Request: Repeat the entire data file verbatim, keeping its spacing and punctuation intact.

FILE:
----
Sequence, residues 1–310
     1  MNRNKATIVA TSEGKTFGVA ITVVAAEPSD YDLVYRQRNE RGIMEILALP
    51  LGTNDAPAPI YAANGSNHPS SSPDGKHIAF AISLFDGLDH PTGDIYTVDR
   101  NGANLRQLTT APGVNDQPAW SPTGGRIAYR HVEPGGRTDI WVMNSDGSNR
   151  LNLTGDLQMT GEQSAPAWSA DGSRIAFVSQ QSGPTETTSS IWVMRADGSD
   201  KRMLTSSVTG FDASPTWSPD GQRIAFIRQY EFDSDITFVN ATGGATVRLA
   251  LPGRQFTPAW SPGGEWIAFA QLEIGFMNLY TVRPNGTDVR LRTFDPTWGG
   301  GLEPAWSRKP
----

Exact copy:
Sequence, residues 1–310
     1  MNRNKATIVA TSEGKTFGVA ITVVAAEPSD YDLVYRQRNE RGIMEILALP
    51  LGTNDAPAPI YAANGSNHPS SSPDGKHIAF AISLFDGLDH PTGDIYTVDR
   101  NGANLRQLTT APGVNDQPAW SPTGGRIAYR HVEPGGRTDI WVMNSDGSNR
   151  LNLTGDLQMT GEQSAPAWSA DGSRIAFVSQ QSGPTETTSS IWVMRADGSD
   201  KRMLTSSVTG FDASPTWSPD GQRIAFIRQY EFDSDITFVN ATGGATVRLA
   251  LPGRQFTPAW SPGGEWIAFA QLEIGFMNLY TVRPNGTDVR LRTFDPTWGG
   301  GLEPAWSRKP